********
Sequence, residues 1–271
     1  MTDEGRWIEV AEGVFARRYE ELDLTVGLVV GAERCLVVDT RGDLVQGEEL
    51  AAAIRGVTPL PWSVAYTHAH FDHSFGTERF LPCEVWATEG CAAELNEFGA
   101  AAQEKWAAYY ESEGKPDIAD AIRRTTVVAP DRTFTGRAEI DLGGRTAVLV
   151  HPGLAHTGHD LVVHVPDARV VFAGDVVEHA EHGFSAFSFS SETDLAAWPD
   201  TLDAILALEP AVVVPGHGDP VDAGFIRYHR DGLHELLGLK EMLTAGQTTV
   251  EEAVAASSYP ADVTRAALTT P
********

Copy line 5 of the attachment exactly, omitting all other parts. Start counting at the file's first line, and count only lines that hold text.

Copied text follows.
   151  HPGLAHTGHD LVVHVPDARV VFAGDVVEHA EHGFSAFSFS SETDLAAWPD